When MLB rolled out its expanded instant replay system to start the 2014 season the point was not to insure that umpires get some of the calls right, or even most of the calls right. Major League umpires are good enough to do that already. No, the point was to get all of the calls right. Or at least, to insure that all obviously blown calls are corrected.
But after a last weekend’s disaster with the instant replay officials who review calls from a central MLB command center in New York screwing up on at least two clear occasions, another call on the very first pitch of Friday night’s game between the Baltimore Orioles and Boston Red Sox at Fenway Park in Boston went to the replay.
And again, the MLB instant replay officials got the call completely wrong.
Also for the second time in seven days, the obviously blown call went against the Red Sox. Last Saturday, as The Inquisitr reported this week, it was a tag play in a game against the New York Yankees.
In Friday’s game, Baltimore’s Nick Markakis laced the first pitch from Red Sox starter John Lackey down the left field line. Umpires on the field signaled “fair” and as left fielder Grady Sizemore scrambled to retrieve it, Markakis cruised in with a double.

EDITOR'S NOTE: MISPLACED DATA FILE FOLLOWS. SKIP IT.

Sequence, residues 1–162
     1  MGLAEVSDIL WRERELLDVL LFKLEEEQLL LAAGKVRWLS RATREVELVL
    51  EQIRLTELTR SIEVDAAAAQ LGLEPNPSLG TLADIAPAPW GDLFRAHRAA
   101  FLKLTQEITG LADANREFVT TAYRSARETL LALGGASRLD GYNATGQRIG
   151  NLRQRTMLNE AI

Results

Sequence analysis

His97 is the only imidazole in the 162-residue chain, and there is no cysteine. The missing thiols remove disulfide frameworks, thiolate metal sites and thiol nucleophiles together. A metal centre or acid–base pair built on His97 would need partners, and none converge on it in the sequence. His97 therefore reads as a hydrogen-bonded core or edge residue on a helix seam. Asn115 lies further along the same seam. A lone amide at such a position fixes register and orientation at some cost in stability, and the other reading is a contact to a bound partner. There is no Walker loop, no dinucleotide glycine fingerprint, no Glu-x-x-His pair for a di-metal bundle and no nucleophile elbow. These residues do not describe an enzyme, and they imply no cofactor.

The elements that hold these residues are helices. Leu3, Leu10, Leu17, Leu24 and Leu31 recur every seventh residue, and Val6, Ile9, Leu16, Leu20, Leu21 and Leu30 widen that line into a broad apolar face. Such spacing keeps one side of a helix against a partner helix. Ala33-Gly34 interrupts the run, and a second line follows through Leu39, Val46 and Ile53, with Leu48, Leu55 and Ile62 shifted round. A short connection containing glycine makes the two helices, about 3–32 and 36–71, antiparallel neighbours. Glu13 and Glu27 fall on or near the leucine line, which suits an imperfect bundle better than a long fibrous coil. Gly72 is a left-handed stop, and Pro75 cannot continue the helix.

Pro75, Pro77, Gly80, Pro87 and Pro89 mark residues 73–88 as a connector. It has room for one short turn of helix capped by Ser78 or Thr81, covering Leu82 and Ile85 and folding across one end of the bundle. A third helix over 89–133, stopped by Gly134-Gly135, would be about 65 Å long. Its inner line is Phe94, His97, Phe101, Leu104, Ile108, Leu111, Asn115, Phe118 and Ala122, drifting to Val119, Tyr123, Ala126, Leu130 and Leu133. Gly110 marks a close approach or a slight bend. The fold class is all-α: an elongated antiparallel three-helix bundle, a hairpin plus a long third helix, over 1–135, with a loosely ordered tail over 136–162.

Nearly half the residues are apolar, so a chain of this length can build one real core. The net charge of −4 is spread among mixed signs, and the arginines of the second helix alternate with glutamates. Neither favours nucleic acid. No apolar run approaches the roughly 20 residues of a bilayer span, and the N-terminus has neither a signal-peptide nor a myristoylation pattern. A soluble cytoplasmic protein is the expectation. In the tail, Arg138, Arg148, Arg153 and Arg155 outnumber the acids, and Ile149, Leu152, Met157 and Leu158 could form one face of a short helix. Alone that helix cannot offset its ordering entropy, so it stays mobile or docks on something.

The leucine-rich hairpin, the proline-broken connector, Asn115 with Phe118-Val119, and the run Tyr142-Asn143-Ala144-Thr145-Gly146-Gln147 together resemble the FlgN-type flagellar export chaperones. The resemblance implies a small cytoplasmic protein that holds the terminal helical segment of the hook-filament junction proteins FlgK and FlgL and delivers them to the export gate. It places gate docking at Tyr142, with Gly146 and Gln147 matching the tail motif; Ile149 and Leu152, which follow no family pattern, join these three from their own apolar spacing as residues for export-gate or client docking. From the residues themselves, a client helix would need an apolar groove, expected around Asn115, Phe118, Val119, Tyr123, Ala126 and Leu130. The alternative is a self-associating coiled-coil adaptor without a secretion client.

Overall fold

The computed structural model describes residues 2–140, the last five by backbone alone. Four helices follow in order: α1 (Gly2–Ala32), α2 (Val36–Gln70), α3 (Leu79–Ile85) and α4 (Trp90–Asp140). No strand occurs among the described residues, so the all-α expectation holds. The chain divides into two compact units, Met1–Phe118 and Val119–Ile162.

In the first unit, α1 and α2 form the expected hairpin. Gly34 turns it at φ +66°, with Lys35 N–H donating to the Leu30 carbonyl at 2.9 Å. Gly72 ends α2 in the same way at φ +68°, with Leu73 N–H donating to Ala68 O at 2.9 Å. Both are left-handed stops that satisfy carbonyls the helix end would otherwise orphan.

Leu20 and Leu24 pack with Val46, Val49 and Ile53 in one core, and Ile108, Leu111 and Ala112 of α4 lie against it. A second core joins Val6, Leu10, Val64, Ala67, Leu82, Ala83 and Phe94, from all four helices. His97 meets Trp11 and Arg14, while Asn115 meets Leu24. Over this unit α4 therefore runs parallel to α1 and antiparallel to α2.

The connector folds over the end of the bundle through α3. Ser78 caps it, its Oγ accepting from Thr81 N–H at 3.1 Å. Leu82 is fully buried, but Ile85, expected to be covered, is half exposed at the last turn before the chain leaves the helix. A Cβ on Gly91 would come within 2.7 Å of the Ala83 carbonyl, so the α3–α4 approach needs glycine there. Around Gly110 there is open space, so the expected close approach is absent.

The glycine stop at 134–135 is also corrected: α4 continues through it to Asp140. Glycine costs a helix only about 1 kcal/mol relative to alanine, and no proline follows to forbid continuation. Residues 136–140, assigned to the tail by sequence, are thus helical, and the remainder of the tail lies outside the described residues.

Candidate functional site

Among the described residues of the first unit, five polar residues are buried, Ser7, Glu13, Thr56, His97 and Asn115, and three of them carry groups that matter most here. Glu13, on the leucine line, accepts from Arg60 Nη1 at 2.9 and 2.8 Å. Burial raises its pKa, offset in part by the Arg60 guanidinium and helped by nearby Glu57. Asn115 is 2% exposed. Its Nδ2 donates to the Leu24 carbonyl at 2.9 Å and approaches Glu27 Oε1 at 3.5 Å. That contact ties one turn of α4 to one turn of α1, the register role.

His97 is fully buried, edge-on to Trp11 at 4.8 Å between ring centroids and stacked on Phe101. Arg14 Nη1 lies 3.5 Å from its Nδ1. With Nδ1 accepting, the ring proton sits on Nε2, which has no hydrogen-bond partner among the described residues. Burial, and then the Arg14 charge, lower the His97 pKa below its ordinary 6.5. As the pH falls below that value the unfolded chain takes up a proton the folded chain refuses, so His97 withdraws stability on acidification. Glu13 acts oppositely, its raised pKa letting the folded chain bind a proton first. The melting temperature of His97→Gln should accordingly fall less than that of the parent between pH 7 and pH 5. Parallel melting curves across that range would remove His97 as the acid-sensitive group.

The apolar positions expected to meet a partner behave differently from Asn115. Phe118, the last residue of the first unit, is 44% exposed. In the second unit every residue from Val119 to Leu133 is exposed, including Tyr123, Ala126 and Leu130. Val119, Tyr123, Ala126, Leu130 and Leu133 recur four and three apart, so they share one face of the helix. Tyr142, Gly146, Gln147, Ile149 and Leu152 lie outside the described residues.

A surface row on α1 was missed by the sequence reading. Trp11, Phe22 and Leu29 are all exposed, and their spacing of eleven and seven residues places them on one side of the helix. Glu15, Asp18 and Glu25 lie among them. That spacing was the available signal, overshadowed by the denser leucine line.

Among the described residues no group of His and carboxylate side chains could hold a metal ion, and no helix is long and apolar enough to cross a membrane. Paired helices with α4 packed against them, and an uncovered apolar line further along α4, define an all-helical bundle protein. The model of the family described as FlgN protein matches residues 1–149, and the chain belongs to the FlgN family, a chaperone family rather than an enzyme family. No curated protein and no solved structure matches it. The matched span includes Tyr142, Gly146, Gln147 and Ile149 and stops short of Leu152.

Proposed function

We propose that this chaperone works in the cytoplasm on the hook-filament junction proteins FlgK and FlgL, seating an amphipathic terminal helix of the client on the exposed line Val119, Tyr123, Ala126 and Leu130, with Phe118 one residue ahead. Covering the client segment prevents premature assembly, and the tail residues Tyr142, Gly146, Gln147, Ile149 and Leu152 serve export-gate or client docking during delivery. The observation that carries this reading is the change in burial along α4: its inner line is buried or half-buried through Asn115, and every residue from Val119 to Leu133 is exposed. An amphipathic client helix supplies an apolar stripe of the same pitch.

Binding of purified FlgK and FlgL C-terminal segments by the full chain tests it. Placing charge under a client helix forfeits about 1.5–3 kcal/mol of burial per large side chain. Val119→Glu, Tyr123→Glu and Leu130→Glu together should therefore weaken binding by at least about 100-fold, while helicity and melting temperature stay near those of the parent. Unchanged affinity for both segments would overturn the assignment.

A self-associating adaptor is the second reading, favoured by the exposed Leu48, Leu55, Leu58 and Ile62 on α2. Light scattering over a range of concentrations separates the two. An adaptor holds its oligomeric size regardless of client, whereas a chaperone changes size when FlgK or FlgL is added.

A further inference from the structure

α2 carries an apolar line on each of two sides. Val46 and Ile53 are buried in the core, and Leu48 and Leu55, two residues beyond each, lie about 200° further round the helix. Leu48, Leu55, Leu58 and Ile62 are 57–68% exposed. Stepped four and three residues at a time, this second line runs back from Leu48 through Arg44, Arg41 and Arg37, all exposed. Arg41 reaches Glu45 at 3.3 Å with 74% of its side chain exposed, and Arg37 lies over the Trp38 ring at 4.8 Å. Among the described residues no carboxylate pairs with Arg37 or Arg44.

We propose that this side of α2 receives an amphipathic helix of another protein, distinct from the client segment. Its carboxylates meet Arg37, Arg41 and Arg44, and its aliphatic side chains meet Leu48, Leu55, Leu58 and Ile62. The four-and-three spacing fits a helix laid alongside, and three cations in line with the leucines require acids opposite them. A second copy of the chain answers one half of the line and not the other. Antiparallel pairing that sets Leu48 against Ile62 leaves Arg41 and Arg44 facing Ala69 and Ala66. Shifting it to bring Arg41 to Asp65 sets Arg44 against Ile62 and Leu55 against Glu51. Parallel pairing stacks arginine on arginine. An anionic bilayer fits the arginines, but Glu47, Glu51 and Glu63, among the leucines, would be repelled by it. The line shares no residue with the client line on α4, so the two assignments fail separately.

But Red Sox manager John Farrell challenged the call. As is clear in this screen capture, the ball clearly landed to the left of the foul line, hitting dirt but no chalk — a foul ball.
The result should have been strike one, with Markakis going back to the batter’s box to continue his leadoff at-bat against Lackey.
The instant replay was shown from several angles on the Fenway Park Jumbotron video screen, and the crowd of 36,048 who endured 39 degree weather to attend the game got a good look at the evidence. Their verdict was also clear.
But the MLB replay officials in New York didn’t see it that way. They let the erroneous “fair” call stand and Markakis went on to score the first run in a game eventually won by the Orioles 8-4.
After the game, Farrell — who was fined by MLB after last Saturday’s debacle for saying that it was difficult for him “to have faith in the system” — was restrained.
“Video is available to us. We followed the steps. Unfortunately, the call stood. We challenged it. It became inconclusive,” he said.
After Friday night’s full slate of games, MLB has seen 110 instant replay challenges. Of those, 41, or about 37 percent, have resulted in calls on the field being reversed.